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Uncle Roy's Spaceship

How Do We Get to Earth?

Review by Gary Hill

This EP is short. That works well for the music contained here. This stuff is quite free-form and all instrumental. It's decidedly guitar based, with noodleing all over it. That formula can get old pretty quickly, so the "less is more" approach serves this set well. The music ranges from Rock In Opposition sounds to space rock and fusion.

This review is available in book format (hardcover and paperback) in Music Street Journal: 2019  Volume 6 at lulu.com/strangesound.

Track by Track Review
Space Noodlein'
Percussion brings this into being. It fires out from there into a powerhouse fusion styled jam. Don't get too comfortable, though, because this is built around all kinds of rapid-fire shifts and turns. This is complex, dramatic and surprising. The musicianship is awe-inspiring, too.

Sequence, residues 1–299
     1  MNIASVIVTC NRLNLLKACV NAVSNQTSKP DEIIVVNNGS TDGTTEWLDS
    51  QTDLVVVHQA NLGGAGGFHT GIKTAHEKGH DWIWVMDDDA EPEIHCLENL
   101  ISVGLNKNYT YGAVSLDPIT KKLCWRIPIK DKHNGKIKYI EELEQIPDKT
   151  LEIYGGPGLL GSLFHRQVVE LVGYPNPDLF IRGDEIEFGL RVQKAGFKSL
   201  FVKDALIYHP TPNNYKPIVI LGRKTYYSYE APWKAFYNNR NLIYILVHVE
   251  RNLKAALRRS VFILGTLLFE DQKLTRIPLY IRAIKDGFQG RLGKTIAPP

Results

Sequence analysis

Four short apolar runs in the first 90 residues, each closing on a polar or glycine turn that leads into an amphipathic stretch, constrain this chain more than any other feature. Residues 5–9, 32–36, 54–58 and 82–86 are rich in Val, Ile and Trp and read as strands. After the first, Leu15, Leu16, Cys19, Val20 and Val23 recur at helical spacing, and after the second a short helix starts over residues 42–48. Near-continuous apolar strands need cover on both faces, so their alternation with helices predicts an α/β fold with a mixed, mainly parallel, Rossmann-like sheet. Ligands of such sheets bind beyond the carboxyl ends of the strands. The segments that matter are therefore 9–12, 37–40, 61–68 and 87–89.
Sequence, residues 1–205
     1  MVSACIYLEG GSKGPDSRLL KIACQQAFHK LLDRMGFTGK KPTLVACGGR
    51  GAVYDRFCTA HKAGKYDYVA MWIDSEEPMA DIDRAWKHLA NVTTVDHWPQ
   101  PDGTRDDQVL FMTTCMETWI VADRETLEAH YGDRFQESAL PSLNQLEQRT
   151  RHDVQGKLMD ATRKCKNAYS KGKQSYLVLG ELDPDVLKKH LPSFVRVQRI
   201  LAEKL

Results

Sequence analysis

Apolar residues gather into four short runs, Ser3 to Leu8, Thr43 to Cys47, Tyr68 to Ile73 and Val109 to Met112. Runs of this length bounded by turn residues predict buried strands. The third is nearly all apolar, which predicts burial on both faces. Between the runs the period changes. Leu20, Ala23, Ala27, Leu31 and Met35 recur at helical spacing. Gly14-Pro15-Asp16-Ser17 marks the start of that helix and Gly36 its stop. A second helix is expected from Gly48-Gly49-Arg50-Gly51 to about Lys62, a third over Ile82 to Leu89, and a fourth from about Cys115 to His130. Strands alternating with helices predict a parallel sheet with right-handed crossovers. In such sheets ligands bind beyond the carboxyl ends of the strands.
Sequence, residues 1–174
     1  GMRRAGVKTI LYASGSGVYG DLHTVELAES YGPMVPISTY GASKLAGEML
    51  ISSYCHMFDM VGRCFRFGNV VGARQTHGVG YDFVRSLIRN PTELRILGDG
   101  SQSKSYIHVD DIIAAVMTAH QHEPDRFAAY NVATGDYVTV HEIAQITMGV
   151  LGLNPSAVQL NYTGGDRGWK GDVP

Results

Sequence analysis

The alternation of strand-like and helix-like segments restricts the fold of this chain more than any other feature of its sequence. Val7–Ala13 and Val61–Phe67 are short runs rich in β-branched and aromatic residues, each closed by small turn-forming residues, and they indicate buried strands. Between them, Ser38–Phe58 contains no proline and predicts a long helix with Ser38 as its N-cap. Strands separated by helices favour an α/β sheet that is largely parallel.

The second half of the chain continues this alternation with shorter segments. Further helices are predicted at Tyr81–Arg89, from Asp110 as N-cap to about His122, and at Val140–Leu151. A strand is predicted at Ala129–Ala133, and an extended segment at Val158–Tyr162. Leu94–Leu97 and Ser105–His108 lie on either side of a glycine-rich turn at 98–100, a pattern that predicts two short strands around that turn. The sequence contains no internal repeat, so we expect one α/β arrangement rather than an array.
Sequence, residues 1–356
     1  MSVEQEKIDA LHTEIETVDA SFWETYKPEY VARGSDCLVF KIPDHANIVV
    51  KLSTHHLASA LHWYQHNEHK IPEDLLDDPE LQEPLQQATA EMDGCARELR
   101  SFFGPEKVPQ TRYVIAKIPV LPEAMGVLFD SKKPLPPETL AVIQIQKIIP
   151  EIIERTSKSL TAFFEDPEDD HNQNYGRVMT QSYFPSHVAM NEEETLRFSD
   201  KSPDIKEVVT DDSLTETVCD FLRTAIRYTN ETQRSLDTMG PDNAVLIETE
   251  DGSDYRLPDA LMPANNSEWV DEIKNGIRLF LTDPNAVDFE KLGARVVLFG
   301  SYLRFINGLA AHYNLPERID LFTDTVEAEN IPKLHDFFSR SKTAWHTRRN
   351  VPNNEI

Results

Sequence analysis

Moonbeams and the Cosmic Bang
This is not as crazed as the opener was. It has a mellower kind of space rock vibe to it. There is some tasty instrumental work. It lands somewhere in a zone between fusion and space rock in terms of styles. It turns harder-edged further down the road, getting quite intense and powerful.
There Is Nothing More Bright Than the Stars at Night
Built on some almost King Crimson like textures in the backdrop, the guitar creates a noisy exploration over the top. It's quite freeform in nature. Some later sections reinforce the King Crimson element, though.
It's a Beautiful Day in the Milky Way
A cool space meets fusion jam is on display here.
Flight of the Ancient Alien
This is a solid jam, too. You get the general idea from the other tracks, though, guitar noodleing creates the main interest. This set ends after less than twenty-five minutes with this piece.
 
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